American football: Denver driven on by dynamic Davis

As the autumn nights close in and the regular season approaches its closing stanzas, it is not unusual for a team establish itself as the Super Bowl favourites. What is unusual is for that team to hail from the American Football Conference.

That may be about to happen, though, especially if the Denver Broncos produce many more victories as impressive as Sunday's in New England.

The Patriots went into the game with understandable optimism themselves, a run of good results establishing them as genuine contenders. That sequnce was ruthlessly ended by the Broncos, who dominated from the moment the Patriots head coach Bill Parcells called a fake punt at his own two on the opening drive. The pass was dropped and five plays later the visitors were a touchdown ahead.

"We were completely outclassed," Parcells said after the 34-8 defeat. "I thought we would do better than that."

For those Broncos fans who cannot recall their three losing Super Bowl appearances in the late Eighties without wincing, there are reasons to be more optimistic this time. Whereas that team relied on the wonderous arm of quarterback John Elway and hoped for the best, the '96 vintage is built on altogether sounder foundations.

In particular there is the rushing of Terrell Davis, a sixth-round draft pick 18 months ago who was described by Marty Schottenheimer - head coach of the Broncos' divisional rivals Kansas City - as the best back in the league two months ago, and has done nothing since to suggest that opinion was premature.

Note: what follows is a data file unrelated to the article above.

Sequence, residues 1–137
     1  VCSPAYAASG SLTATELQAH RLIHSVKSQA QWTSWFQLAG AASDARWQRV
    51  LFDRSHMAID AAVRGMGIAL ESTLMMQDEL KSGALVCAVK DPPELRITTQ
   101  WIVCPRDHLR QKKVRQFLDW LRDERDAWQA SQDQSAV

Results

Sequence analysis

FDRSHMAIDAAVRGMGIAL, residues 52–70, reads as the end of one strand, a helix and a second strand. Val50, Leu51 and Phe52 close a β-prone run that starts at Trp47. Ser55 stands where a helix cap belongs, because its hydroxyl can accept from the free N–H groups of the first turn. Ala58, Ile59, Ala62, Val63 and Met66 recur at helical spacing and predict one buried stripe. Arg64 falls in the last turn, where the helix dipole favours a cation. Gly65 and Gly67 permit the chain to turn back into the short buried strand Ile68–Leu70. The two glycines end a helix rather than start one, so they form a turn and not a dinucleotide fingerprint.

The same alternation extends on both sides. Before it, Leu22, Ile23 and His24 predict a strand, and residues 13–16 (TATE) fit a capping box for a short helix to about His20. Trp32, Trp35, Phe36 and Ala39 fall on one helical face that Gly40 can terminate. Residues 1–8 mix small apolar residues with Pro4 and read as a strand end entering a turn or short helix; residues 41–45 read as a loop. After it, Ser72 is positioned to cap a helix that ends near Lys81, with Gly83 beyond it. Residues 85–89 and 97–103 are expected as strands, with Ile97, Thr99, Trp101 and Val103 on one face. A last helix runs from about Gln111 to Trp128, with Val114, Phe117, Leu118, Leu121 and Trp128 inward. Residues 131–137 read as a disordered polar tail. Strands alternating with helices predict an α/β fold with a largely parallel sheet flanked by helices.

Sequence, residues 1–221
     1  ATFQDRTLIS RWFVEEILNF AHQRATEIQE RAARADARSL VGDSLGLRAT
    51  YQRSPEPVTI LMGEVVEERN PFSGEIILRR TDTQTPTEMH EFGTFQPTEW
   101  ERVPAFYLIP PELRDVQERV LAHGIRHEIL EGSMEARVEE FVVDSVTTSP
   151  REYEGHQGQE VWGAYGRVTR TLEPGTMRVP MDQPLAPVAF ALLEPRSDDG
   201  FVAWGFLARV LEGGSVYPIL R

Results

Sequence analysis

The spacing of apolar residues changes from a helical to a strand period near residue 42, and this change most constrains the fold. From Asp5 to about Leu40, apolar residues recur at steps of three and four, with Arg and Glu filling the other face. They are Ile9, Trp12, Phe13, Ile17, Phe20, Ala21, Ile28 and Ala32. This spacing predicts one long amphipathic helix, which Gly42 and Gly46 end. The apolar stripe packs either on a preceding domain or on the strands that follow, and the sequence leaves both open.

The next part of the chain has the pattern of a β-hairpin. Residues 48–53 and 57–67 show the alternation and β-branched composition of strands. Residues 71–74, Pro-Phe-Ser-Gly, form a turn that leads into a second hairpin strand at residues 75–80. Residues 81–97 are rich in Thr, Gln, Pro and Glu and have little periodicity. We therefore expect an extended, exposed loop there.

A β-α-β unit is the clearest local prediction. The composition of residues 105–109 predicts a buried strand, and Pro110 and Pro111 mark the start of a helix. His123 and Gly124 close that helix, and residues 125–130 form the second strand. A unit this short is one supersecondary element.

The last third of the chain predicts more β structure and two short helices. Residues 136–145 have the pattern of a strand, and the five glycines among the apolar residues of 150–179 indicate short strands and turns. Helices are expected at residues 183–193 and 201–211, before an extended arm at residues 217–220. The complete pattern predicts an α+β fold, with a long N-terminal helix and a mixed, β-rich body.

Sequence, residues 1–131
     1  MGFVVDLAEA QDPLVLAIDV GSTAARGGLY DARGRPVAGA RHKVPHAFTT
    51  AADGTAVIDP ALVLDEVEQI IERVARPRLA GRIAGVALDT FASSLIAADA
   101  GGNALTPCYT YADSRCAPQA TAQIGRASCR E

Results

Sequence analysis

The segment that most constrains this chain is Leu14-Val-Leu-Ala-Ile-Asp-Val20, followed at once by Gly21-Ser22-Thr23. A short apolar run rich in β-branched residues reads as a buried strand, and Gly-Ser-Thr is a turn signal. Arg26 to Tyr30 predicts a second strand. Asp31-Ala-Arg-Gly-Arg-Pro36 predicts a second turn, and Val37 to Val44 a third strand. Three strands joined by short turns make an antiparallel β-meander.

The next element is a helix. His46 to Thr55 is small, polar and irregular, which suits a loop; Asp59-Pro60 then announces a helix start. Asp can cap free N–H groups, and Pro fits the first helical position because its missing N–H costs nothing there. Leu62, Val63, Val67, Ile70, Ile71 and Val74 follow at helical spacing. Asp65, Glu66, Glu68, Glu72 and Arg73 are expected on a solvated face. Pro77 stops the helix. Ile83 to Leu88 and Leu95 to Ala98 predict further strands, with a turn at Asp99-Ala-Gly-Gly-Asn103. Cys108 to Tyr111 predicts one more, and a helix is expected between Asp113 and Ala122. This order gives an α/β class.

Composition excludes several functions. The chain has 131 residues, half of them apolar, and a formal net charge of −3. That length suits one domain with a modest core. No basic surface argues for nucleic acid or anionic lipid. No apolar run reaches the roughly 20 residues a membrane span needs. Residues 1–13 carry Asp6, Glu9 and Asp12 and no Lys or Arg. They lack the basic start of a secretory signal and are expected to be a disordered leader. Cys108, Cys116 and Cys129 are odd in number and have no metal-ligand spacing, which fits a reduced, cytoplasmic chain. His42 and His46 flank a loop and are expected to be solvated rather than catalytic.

Against the Patriots Davis rushed for 154 yards, gained another 56 with four receptions, and scored three times as Elway, who was nursing hand and leg injuries, was able to play a supporting role and still watch his side win convincingly. It was Davis' sixth 100-yard game of the campaign, and takes his total to a league-leading 1,209 yards.

"It's real hard to cut on that field and I knew my moves had to be a little more subtle today." Davis said. "I just told myself to run hard and once I got into the secondary, I tried not to go down on the first hit."

Denver's seventh consecutive win took their record to 10-1, comfortably the best in the AFC. Barring an Atlanta Braves-like slump in December they have virtually ensured that all conference rivals will have to win in Colorado to reach the Super Bowl. Given the Broncos formidable record at the Mile High Stadium, that should prove a huge advantage. Nor, for once, do the Broncos look hopelessly over-matched against the best NFC teams.

In that conference Philadelphia fans will be feeling particularly depressed this week. A fortnight ago they won in Dallas, but have followed that with consecutives home defeats, the latest by Washington on Sunday.

Results, tables, Sporting Digest

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